Viral Conjunctivitis/Epidemic Keratoconjunctivitis (EKC) Flashcards Preview

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1

Viral Conjunctivitis / Epidemic Keratoconjunctivitis (EKC)

infection control symptomatic therapy antibiotic prophylaxis steroid use
anterior uveitis prevention of spread

2

symptoms

watery, tearing scratchy, FB sens
lids “matted shut in AM” itchy, red, swollen

3

signs

development of palpebral conjunctival follicles 4 watery mucus discharge
AM crusting of lashes from drying of tears, serous secretions red and edematous eyelids
conjunctival chemosis?
palpable? tender? preauricular node (PAN)?
pinpoint subconjunctival hemorrhages (SCH)? pseudomembrane? membrane?
concurrent upper respirtatory infection (URI)? subepithelial infiltrates (SEI)? several weeks after onset

4

pathophysiology

• infection by adenovirus → search for memory B cells
• clinical course is short, possibly subclinical, if viral memory cells are
found which proliferate and secrete antigen-specific antibody to identical or closely related viruses (antigenic structures) previously encountered = response is more rapid and efficient
• clinical course of disease represents the time needed by the patient’s immune system to encounter the virus, proliferate and secrete antigen- specific antibody; forming follicles to develop a pool of activated B lymphocyte cells that differentiate to form memory cells for encounters

5

What are most forms of conjunctivitis from?

VIRAL OR ALLERGIC

6

How does viral conjuncitivits beign?

-hyperemic and congestive conjunctival reaction and follicular conjunctivitis within days
-abrupt and involves fellow eye within days
-conjunctival follicles develop + serous discharge
+PAN

7

What can different seasonal adenoviruses cause?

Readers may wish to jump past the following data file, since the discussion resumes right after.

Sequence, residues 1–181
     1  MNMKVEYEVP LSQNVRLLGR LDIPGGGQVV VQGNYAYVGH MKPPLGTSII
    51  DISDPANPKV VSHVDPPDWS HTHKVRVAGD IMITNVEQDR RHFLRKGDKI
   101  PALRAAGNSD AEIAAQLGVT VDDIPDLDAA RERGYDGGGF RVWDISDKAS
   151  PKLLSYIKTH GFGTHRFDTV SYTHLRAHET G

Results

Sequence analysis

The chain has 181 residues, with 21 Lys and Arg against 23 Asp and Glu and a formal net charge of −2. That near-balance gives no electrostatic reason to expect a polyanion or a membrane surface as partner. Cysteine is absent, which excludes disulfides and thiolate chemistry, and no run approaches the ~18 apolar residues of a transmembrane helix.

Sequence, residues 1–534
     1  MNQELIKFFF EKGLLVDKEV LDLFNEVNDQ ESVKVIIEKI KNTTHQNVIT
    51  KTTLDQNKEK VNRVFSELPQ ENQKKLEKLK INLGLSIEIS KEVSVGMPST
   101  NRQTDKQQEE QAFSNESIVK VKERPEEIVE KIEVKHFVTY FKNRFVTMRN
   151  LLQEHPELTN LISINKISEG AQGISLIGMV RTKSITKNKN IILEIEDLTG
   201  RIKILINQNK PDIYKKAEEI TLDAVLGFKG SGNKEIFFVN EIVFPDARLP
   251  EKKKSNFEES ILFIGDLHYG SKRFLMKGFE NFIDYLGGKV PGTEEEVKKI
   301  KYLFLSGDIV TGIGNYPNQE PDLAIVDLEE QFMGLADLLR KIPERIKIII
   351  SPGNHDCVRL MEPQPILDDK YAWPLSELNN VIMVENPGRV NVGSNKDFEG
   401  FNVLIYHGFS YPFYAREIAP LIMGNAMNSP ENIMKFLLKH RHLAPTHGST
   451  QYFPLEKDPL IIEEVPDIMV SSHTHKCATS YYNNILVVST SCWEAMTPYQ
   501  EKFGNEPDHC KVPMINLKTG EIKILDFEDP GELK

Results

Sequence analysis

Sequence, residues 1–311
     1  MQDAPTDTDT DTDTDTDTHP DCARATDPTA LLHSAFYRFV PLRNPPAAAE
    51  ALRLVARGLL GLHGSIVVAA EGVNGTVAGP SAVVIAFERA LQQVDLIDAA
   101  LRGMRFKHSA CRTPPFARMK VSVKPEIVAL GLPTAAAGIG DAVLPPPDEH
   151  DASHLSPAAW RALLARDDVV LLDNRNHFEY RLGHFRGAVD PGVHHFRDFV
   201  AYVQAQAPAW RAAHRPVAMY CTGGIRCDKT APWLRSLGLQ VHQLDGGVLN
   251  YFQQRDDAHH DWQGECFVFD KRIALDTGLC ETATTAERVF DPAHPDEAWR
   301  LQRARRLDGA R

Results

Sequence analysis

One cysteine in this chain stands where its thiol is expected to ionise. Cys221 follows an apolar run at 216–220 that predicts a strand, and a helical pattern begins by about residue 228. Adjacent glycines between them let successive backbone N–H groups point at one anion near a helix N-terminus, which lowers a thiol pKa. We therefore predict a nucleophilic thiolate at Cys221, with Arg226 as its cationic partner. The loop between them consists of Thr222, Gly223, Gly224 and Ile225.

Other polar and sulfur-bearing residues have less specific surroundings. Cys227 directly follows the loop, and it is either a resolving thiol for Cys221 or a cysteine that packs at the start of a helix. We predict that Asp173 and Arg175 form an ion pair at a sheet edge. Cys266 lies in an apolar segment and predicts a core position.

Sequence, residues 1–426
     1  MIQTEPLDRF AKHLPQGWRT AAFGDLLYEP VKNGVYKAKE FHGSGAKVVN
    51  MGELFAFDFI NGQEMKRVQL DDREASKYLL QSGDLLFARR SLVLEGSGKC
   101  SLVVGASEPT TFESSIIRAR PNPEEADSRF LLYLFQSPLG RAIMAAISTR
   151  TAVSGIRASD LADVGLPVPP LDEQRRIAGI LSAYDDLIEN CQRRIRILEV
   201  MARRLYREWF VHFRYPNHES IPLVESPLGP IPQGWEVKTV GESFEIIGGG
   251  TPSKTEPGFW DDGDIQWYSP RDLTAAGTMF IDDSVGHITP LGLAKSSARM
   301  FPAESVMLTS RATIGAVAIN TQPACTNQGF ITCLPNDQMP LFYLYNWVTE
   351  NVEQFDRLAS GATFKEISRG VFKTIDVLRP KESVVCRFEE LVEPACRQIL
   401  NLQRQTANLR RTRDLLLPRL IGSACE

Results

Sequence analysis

severe conjunctival inflammation leading to fibrinous pseudomembranes/membranes/conjunctival scarring

8

treatment options for typical viral conjunctivitis

1. “typical” viral conjunctivitis (your patient’s virus may vary!)
a. Hx of recent URI or contact with someone with red eye; generally
starts with one eye and a few days later can involve fellow eye
b. palpebral conjunctival follicles, watery mucus
discharge, eyelid sticking, tearing, may have pseudomembrane / membrane, possibly photophobia, possibly palpable (tender?) preauricular node (+PAN) and/or subepithelial infiltrates (+SEI)
c. Tx includes cool compresses and AT’s (consider non-preserved);
d. may need vasoconstrictor / antihistamine (OTC Naphcon-A5); if itching severe,
low dose steroids (e.g. fluorometholone alcohol or prednisolone phosphate
0.125%)
e. may need low dose steroids (e.g. fluorometholone alcohol or prednisolone
phosphate 0.125%) if pseudomembranes develop (slowly peel off with sterile jeweler’s forceps and maintain low dose steroid 1 wk, then slowly taper) or SEI’s are clinically observed which reduce vision; sunglasses
f. F/up if not better in 1-3 wks (your patient’s virus may vary!), but sooner if condition worsens significantly

9

Follicular conjunctivitis or keratoconjunctivitis could be what other diseases?

EKC or herpes simplex keratitis

10

follicular conjunctivitis or keratoconjunctivitis

a. rule out punctate epithelial lesions (focal SPK, dendritiform lesions?, dendrites? HSK?) and avoid steroids!
b. scrupulously maintain hygiene (EKC contagion)
c. hand washing
d. disposable gloves while examining recommended
e. use and sterilize Goldmann tonometer tip; some clinicians avoid NCT which
"blasts" virus into the air to contaminate the room and your assistant

11

What is EKC associated with?

punctate epithelial keratitis (focal corneal elevations) with irritation and photophobia --> progress to immune-meidated +SEI

12

what treatment is NOT effective for EKC

ANTIVIRAL MEDS

13

EKC is contagious

a. virus shed in tears and through nasopharynx
b. patient will be contagious for at least two weeks